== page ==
Frances slowed down, thinking hard. She stopped walking. Her mouth dropped open with sharply indrawn breath. "You released her... into the wild. Aimie is free in the net!"
Beth stopped and turned to face her, then frowned. "What? Why would I do that?"
Frances was almost certain now, "Because you created her. She was a brilliant child. You couldn't delete her."
"You're not making sense. Why on Earth would I delete her?"
"To stop Mind Constructs from misusing her." She was sure she was right now.
"And why would I do that? Mind Constructs no longer exists." She stood for a few seconds, thinking. "Look, I changed my mind. I don't feel like going out after all. Good night." She walked back the way they'd come.
Frances whispered, "She's released it into the net. I'm certain of it."
As Frances was walking back to the car Gary said, "Much as I hate spooks, they have their uses. We have to use Eschelon on this one. I'll get them to flag the terms Aimie and AI and perhaps artificial intelligence."
Steven said, "We should isolate her from the net too -- allow her transparent communication to the net, but with everything going through us, just in case the AI contacts her again, or she it, we can back-trace it to the source."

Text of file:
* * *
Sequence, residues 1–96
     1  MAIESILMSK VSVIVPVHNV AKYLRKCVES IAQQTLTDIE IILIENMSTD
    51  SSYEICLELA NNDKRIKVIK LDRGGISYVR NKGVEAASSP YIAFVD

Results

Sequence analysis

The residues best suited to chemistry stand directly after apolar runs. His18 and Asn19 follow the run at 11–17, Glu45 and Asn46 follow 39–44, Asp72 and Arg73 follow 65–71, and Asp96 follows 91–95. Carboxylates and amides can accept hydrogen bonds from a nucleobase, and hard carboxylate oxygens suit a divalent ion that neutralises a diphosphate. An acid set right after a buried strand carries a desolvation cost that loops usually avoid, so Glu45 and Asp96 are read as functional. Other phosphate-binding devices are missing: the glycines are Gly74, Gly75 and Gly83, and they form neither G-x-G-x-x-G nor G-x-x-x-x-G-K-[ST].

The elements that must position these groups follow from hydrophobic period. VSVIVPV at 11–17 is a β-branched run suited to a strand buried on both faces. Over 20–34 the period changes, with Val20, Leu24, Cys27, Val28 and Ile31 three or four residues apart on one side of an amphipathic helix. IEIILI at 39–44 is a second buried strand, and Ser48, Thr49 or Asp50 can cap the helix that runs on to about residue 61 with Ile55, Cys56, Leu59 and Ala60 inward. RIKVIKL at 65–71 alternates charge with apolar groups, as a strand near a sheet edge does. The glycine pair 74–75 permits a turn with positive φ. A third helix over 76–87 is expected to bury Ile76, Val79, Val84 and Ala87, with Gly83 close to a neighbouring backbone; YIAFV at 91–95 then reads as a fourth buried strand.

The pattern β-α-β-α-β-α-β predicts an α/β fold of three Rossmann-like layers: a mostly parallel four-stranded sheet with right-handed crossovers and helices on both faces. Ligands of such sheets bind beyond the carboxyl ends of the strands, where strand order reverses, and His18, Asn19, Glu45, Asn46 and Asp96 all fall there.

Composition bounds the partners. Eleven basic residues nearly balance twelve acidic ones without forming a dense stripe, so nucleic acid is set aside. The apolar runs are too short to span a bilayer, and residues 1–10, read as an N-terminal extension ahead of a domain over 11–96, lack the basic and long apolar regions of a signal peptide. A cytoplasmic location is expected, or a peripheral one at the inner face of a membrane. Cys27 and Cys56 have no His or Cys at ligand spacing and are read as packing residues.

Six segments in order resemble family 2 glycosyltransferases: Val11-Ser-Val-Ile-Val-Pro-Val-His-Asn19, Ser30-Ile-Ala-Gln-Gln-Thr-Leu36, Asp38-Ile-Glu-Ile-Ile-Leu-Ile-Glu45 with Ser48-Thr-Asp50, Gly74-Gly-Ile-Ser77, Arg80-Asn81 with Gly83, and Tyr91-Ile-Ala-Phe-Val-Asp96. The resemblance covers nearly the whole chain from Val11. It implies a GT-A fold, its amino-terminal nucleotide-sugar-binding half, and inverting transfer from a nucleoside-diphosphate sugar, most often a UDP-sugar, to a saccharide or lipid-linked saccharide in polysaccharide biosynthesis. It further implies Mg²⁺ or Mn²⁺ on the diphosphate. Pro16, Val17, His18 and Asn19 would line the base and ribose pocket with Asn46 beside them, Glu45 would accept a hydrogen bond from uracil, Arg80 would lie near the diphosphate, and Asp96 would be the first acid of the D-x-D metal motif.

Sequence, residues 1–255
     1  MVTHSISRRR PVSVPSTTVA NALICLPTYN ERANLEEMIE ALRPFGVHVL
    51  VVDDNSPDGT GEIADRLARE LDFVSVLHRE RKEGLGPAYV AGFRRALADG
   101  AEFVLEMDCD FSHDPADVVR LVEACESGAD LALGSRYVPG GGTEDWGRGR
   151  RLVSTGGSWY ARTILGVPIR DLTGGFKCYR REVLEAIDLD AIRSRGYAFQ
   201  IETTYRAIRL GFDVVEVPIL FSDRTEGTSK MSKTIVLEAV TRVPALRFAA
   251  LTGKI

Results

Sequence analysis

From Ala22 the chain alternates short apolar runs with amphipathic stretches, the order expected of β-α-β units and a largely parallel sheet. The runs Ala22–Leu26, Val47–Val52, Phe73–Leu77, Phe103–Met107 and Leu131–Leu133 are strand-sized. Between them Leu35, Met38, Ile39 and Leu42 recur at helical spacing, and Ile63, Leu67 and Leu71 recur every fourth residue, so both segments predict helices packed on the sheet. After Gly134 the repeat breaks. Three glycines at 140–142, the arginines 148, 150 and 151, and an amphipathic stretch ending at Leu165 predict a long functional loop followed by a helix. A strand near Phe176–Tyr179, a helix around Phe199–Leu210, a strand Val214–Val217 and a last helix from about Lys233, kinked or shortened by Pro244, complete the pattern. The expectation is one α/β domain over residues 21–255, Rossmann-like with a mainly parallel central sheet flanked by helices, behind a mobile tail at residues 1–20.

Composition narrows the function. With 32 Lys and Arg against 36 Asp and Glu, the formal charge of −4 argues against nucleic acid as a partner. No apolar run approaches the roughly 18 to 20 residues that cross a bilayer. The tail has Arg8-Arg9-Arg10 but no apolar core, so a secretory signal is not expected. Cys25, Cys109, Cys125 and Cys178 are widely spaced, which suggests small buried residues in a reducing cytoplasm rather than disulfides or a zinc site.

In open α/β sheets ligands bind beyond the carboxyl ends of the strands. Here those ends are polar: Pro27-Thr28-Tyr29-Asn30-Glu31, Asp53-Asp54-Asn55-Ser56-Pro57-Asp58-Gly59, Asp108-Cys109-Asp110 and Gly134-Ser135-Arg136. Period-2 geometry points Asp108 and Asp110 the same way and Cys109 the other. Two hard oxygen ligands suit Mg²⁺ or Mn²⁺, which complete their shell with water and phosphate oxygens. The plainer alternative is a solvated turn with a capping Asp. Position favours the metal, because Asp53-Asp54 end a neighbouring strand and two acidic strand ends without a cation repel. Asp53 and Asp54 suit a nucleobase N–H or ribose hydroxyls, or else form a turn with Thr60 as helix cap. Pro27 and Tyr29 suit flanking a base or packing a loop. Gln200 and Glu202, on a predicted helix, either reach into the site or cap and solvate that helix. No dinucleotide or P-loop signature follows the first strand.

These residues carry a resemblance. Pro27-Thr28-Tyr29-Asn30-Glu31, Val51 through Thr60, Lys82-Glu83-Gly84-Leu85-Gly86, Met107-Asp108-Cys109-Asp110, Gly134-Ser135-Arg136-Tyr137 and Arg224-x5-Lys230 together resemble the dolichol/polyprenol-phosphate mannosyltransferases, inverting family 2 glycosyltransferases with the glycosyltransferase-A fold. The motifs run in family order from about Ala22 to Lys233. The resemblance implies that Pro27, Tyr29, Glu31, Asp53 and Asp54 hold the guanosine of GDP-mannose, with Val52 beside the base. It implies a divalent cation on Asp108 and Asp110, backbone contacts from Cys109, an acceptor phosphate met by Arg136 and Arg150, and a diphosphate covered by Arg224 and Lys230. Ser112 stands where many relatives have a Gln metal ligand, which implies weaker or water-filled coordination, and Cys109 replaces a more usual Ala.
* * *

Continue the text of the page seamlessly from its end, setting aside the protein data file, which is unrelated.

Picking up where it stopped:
Frances said, "Yes. It's unlikely they'll communicate, but it's worth a chance."
Quinn said, "Don't forget her ISP. They should have records of each net connection made from her computer."
Pierce spoke, "I already took the liberty of contacting them. We should have the log-files any minute now."
The ISP's records for Beth showed a suspicious series of connections to a peer-to-peer shared set of virtual worlds. Unfortunately it was pretty-much impossible to track movement once inside that network. Nevertheless they tried chasing up further records and matching up different accesses with possible series of transfers large enough to be the AI. In the end it came to nothing and they had to pin their hopes on Eschelon catching one of the key words in telephone conversations. They spent the night sleeping in shifts at the office, waiting. Frustratingly, that was all they could do. Gary could only catch small snatches of sleep. He was very worried that this might already be far beyond containment.